On August 20, Leon Ford tweeted a video clip of his son cheering him on as he took a few steps with the aid of leg braces and a walker. Doctors had told him he would never walk again after being shot five times by Pittsburgh police officers in 2012. The tweet went viral, receiving over 163,000 retweets and more than 358,000 likes.
Ford’s experience is a harrowing parable of police brutality and excessive force in the United States. At 19 years of age, he was stopped for a minor traffic violation only to be misidentified as a criminal suspect with a similar name, dragged out of his car and shot as the car began rolling down the street during the scuffle. The shooting left him paralyzed, and he was charged on several counts for crimes he did not commit. The charges were later dropped by the Allegheny County District Attorney’s office but not until late in 2014. His traffic stop violation, running a stop sign, was still upheld, while the officer who shot Ford, David Derbish, was placed on desk duty. Ford easily could have been another victim in the long list of citizens who have died at the hands of police, but he survived to tell his story and advocate for reforms.
“The doctors told me that I would never walk again, and that is still the prognosis; however, I’m very faithful, and I believe wholeheartedly that I will walk again, especially without braces,” Ford told Observer. “I’m able to use these. They’re called RTO braces, [they] help me stand and take steps. It’s my hope one day that my legs will get stronger and my nerves will start to fire again, and I will be able to be fully functional without the use of any assisting devices.”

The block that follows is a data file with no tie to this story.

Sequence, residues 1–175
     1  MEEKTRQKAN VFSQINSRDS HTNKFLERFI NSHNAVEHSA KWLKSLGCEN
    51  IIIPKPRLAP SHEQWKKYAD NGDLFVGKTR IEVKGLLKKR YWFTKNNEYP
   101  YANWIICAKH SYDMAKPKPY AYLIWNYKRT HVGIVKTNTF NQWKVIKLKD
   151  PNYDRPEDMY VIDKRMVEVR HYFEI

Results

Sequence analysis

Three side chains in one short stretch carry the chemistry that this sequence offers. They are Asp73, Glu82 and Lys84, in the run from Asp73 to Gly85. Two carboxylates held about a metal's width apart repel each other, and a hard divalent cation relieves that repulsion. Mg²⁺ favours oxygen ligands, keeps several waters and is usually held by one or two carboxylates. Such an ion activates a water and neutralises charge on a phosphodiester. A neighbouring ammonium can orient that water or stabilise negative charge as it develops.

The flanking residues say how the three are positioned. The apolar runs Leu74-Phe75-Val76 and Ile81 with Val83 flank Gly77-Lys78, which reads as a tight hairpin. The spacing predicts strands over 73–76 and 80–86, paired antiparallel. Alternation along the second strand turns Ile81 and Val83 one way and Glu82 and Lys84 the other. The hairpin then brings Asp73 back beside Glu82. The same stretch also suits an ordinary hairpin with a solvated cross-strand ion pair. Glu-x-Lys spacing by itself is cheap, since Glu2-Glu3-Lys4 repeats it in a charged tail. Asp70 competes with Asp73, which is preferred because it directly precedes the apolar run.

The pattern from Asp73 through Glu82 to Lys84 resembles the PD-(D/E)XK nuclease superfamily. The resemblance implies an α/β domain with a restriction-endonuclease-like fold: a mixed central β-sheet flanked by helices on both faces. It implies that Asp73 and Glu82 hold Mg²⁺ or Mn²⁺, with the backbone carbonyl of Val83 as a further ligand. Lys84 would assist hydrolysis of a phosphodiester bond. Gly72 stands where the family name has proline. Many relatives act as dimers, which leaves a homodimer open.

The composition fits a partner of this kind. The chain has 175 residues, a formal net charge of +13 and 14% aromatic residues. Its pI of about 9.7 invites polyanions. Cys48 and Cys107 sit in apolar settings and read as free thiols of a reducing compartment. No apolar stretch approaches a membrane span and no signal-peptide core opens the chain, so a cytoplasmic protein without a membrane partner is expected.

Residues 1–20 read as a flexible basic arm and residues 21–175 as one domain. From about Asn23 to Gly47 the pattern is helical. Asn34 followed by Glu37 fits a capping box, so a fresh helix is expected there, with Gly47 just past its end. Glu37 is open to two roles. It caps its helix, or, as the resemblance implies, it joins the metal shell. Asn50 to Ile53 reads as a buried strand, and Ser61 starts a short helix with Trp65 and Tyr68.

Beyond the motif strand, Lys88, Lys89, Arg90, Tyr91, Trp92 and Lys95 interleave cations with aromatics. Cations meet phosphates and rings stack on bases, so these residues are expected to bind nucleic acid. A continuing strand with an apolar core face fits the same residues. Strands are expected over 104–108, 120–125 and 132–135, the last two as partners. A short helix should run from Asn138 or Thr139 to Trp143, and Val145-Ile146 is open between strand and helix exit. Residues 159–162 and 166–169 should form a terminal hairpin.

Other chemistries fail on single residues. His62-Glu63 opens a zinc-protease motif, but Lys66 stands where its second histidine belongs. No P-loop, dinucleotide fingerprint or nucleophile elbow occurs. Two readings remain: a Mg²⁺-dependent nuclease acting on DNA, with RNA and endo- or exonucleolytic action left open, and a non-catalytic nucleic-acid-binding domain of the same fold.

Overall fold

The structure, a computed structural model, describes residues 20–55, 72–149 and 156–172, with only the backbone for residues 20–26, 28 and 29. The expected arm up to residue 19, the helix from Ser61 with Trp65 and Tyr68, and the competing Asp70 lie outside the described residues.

Ford is currently pursuing a civil rights lawsuit against two of the officers involved in his shooting. And despite this experience, Ford upholds a positive attitude. “I would like people to know that no matter what they go through, they can still be positive,” he said. “No matter how much hatred people say exists in the world, each of us have what it takes to produce love. As long as we continue to love one another, continue to spread this love, then we can change the world. My story is one of love. It’s one of overcoming adversity, turning a tragedy into a triumph.”
On November 11, Ford is releasing a book, Untold, on his experiences and recovery. Its launch is timed to coincide with the fifth anniversary of the shooting that almost took his life. Writing the book, he explained, was a way to cope with what happened to him. “I had a therapist and I only went one time because there wasn’t that connection,” he said. “I pretty much went into this bubble where I began to write. As I began to write about my journey, it [became] therapeutic. I began to heal in places that I didn’t even know were broken. I began to know more about myself, more about my role in society. Through this journey I documented the lessons that I’ve learned, and how those lessons have guided me towards healing, forgiveness and peace.”
His story, he said, he feels “is [one] of overcoming. It’s a story of healing. It’s a story of hope. It’s a story of optimism. It’s not a story that is just for black people. It’s not just for white people. It’s for everybody.”